With temperatures rising, not much else got done the rest of the day.

Thursday, August 14, 2014

Doesn't Take Much

I was having one of those "blues and blahs" days that everyone gets now and then.  Forcing myself to do something productive is one way to overcome negative feelings.  Going through the dining room on my way to do something else, I noticed that a sheet of paper towel had fallen to the floor under the table.  As I bent to pick it up, Ralph zinged past me and grabbed it, pulling it to the other room.  My house looks like a daycare center at all times, with kitty and dog toys scattered about.  Now I've got real trash in the living room too.  Ralph would fling the paper into the air, run underneath as it fell, roll with it wrapped around his head, all the while making his happy "Brrp brrp" noises.  That cat entertained himself for the longest time, making me laugh out loud.  He made me think of the little kids who would rather play with the wrapping paper instead of the gift inside the box.  Ralph is a living example that it doesn't take much to be happy, and I'd rather leave the paper towel there and explain it than take it away from my cat.

Wednesday, August 13, 2014

Not A Total Loss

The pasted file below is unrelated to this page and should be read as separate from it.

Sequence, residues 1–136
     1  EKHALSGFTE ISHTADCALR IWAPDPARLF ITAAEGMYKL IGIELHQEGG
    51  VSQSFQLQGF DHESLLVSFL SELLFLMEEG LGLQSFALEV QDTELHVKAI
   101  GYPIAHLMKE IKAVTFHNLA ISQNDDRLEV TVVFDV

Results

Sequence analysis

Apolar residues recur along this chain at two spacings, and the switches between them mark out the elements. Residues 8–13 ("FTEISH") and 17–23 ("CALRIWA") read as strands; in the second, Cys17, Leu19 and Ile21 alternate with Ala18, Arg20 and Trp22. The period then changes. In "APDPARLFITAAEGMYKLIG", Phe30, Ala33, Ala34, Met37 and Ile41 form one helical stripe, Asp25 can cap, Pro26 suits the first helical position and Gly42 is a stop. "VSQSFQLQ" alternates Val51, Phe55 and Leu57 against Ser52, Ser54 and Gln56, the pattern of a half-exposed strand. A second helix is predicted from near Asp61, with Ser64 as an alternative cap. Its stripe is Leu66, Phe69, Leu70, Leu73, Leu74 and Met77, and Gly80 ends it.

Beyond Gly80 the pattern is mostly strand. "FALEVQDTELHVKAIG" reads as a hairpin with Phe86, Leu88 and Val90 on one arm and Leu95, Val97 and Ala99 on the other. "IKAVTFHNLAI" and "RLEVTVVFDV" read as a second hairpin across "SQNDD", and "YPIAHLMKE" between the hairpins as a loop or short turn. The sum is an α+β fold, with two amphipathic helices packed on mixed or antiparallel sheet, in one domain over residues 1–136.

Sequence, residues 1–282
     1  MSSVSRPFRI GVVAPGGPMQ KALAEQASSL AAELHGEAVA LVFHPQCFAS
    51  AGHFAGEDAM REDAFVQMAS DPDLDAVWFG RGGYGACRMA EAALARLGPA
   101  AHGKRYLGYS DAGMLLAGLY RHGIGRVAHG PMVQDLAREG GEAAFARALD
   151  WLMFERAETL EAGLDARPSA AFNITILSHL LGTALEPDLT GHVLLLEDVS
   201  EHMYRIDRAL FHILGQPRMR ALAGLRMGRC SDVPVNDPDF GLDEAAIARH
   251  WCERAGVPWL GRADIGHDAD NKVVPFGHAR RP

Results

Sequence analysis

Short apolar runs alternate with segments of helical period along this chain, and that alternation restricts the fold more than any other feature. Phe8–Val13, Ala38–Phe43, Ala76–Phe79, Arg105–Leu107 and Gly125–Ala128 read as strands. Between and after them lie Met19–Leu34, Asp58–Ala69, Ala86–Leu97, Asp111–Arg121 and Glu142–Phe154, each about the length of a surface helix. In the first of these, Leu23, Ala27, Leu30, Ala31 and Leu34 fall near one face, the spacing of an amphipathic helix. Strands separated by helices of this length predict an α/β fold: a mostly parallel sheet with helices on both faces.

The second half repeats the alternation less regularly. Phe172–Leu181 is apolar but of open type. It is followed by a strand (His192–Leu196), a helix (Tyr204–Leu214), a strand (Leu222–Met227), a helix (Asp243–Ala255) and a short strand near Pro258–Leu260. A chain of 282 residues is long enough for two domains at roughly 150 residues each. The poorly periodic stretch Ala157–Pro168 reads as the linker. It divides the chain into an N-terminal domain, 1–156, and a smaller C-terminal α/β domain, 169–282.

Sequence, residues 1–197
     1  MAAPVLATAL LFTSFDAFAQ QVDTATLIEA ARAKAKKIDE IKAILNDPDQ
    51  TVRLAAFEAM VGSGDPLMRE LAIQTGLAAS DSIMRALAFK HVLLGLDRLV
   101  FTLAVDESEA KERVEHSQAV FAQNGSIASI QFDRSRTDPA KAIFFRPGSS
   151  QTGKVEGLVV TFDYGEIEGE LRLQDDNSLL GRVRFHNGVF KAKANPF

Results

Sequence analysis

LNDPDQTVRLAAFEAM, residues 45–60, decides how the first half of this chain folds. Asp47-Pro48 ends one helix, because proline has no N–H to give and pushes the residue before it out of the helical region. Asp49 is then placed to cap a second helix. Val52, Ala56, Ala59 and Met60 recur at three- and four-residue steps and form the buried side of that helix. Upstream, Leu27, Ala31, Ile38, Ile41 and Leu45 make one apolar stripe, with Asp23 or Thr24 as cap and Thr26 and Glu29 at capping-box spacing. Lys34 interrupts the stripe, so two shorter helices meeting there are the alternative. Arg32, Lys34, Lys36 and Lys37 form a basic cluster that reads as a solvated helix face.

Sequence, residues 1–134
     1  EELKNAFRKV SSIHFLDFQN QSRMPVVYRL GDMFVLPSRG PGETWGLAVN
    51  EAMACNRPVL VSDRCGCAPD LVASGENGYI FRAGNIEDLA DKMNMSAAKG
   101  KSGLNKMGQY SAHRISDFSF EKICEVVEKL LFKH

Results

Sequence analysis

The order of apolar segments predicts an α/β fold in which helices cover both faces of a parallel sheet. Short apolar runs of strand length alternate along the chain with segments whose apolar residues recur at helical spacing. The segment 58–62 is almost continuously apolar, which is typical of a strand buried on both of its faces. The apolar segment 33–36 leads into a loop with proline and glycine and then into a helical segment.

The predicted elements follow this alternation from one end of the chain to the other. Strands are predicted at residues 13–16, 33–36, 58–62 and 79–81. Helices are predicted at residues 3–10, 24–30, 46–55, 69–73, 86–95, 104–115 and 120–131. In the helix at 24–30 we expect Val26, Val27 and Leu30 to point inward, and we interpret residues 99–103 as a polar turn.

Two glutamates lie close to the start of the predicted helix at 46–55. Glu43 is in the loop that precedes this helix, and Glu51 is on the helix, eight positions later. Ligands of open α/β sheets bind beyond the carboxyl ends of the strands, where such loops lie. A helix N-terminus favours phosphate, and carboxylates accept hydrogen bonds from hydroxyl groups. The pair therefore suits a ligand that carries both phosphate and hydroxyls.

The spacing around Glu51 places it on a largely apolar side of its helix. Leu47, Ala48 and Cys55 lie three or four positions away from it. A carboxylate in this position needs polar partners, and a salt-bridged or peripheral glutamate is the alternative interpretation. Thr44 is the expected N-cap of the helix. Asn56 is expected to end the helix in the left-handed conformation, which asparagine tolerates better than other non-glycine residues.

Any day with my boys is a day well spent.  Just because not everything went as planned didn't mean it was a wasted day.  One of Dave's buddies bailed at the last minute so I couldn't pull one off door duty to plant the mulberry.  I had to move the tree up onto the porch because deer were eating the leaves at night.  It's still on the porch.  Dave and Bird went out to swap the disintegrating door on the feed room for a new one.  Dave came back, "Well, it's not good news."  After taking the old door off, it turns out the new door is about four inches too small.  Since I measured and know what I requested when I bought all three storm doors, it's my fault for not checking the boxes before accepting them.  The guys were able to jerry-rig and reinstall the old door.  Maybe it will last another year.  Or not.  Steve would be so pleased to know I've got a brand-new spare door in case I ever need one.  He was a man who thought if one was good, six would be better.  There are probably seventy-five screwdrivers in a drawer downstairs.